What happened?... It took a while for the Caps to find their “Plan B,” but they found it. Or perhaps more appropriately, they sprung it late in the season. And the lesson here is, sometimes the shiny object isn’t the most valuable. Getting the gem of the 2017 trading deadline in Kevin Shattenkirk did not have the intended results, that being that he was the “last piece” the Caps needed to solve the Stanley Cup puzzle. This year, value was found in an unremarkable deal made with the Chicago Blackhawks, sending a conditional third round draft pick in exchange for Michal Kempny. He became the glue that finally solidified the Caps defensive pairs, and he meshed well with John Carlson over the last few weeks and over the course of the postseason.
Alex Ovechkin will be 32 years old on opening night. Since the 2005-06 season, 11 different players have recorded 35-goal seasons at least once at age 32 or older, but only two players (Daniel Alfredsson and Teemu Selanne) have done it more than once. Is “30 goals” the new normal for Ovechkin, and will that be a floor or a ceiling?
What happened?... Time eventually will rob Alex Ovechkin of his profound skill as a goal scorer, but he seems to have a unique ability to stare down Father Time. Six seasons ago, he posted his second consecutive full NHL season with fewer than 40 goals, the first time he did so. Some were pronouncing him, at age 26, slowing down. He followed that up with a 32-goals-in-48 games record in the abbreviated 2012-2013 season. After he scored 33 goals in 2016-2017, more were asking if time was catching up to Ovechkin at age 31. Cheerless was hardly alone in thinking perhaps so. So he went out and potted 49 goals in playing all 82 games. And by the way, the 82 games played was the first time he had consecutive seasons with that many games played since his second and third years in the league, when he was in his early 20’s. There will come a time when 30 goals is the new normal for Ovechkin, but that was certainly not the case in 2017-2018, and we are loathe to offer an opinion on whether Father Time will pay him a visit this coming season.
Related... if Ovechkin is a 30-35 goal scorer, does that make it imperative that T. J. Oshie reproduce his 33-goal season of 2016-17? Given that Oshie has never played a full-season’s worth of games and has played in more than 70 games only five times in nine full NHL seasons (not counting the abbreviated 2012-2013 season), although he has done so in three of the last four, is this or should this be a concern?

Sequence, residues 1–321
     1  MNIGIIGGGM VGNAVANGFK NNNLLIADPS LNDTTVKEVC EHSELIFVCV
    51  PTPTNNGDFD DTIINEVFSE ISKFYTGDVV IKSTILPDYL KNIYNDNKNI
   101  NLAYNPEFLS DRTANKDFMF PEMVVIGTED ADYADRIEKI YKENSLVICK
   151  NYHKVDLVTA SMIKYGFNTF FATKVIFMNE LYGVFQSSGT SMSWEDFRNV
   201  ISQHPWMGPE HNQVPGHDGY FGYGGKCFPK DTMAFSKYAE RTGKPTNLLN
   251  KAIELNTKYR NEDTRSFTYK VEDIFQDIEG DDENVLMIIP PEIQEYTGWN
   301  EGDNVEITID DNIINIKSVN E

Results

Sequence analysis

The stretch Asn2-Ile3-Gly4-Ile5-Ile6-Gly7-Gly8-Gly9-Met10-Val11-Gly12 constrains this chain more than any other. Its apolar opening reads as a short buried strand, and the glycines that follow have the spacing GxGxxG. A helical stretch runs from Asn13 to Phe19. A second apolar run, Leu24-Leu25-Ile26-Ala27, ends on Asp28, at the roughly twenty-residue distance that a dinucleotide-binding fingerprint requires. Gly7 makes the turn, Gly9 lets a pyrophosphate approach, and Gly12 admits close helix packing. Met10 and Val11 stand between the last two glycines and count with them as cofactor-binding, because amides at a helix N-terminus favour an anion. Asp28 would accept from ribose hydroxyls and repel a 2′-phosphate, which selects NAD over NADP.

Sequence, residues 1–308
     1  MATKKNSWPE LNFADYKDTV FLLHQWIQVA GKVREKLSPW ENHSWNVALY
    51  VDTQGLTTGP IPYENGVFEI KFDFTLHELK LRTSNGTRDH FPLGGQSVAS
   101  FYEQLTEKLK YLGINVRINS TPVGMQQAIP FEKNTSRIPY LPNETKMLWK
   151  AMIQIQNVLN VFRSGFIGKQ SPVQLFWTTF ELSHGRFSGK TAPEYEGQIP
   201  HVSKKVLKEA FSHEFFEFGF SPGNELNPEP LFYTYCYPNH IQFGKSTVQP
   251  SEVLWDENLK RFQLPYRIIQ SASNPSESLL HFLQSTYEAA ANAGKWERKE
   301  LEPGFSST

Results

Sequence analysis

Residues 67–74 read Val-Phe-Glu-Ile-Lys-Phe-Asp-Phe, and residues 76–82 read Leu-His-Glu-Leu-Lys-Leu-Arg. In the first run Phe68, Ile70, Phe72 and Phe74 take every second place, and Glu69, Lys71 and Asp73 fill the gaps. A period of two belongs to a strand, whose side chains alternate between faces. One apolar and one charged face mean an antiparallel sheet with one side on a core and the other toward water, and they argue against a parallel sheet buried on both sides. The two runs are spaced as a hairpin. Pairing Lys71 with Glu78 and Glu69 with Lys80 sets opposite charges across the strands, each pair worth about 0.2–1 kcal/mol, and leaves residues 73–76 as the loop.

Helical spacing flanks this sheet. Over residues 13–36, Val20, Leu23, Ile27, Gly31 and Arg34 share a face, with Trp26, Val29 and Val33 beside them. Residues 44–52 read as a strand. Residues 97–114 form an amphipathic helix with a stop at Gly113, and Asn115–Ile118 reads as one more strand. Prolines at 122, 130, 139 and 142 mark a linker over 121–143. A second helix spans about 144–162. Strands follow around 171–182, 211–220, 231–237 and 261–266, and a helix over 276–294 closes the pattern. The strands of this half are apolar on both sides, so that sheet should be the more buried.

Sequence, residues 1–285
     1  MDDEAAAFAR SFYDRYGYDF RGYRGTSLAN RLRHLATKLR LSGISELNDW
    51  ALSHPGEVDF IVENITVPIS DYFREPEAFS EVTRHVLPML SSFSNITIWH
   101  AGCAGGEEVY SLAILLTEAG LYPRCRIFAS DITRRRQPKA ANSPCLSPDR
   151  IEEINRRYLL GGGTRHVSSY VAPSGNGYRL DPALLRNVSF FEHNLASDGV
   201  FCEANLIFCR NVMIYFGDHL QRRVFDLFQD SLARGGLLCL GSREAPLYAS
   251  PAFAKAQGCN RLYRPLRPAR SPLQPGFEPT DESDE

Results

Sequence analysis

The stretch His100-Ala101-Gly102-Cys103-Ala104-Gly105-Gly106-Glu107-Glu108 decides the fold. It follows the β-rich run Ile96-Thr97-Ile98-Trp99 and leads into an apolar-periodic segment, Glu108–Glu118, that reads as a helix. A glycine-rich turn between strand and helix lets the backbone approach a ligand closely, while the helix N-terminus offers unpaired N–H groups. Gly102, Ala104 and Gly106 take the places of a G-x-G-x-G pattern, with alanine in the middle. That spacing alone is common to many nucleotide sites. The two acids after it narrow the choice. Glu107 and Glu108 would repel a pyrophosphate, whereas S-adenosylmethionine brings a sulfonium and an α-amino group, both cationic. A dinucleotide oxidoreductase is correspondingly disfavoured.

What happened?... Oshie had bouts with the injury bug in 2017-2018 that affected his goal scoring, his total cut almost in half from the previous season, from 33 to 18. But he did come on late, scoring six goals in his last 11 games in what was a prelude to his postseason (eight goals in 24 games). Makes one wonder what the Caps might be like if both Ovechkin and Oshie are “on” in 2018-2019.
Brooks Orpik will be 37 years old on Opening Night. A total of 20 defensemen since 2005-06 have appeared in at least 70 games at the age of 37 or older, but only eight have done so more than once. Orpik appeared in 79 games last season. Can he reproduce that total and give support to the young defensemen coming up, or after 901 hard games of NHL regular season play, will he hit that 70-game mark?
What happened?... Well, he did play more games than the previous season (81 to 79). And, he played more minutes, almost two more per game (19:22 versus 17:47). He was not as effective in them, at least in terms of his numbers. Never much of an offensive presence, he was still off a bit this past season. For the second straight season he did not record a regular season goal (third time in four seasons), and his assist total was down from 14 to 10. Then there was the 41-point swing in the wrong direction in plus-minus (from plus-32 to minus-9, his worst since his rookie season with Pittsburgh in 2003-2004 when he was minus-36) and the more than eight point swing in the wrong direction in his shot attempts-for percentage at even strength (from 52.56 percent to 44.21 percent, numbers from NHL.com).
What is harder to measure, what might be available only anecdotally, is what effect his experience might have had on the likes of Christian Djoos, Madison Bowey, and perhaps even Michal Kempny when he joined the team. That is something hard to evaluate from outside the walls of the locker room.
John Carlson is in the “walk year” of his current deal with the Caps. He has also missed 36 of 164 games over the last two seasons after five straight seasons playing every regular season game. Does he rise to the occasion and put himself in position for a big payday (and hopefully help push the Caps deeper in the postseason), or has he become a reasonably productive, but injury-prone player?